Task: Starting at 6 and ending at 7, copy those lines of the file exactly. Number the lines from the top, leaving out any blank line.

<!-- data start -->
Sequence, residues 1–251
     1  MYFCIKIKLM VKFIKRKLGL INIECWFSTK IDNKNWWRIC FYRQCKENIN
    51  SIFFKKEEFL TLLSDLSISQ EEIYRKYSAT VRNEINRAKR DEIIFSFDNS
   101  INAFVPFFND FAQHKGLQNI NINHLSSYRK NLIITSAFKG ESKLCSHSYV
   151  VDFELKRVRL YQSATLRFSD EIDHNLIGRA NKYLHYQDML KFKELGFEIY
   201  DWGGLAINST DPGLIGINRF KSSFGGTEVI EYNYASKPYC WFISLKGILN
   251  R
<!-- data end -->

   201  DWGGLAINST DPGLIGINRF KSSFGGTEVI EYNYASKPYC WFISLKGILN
   251  R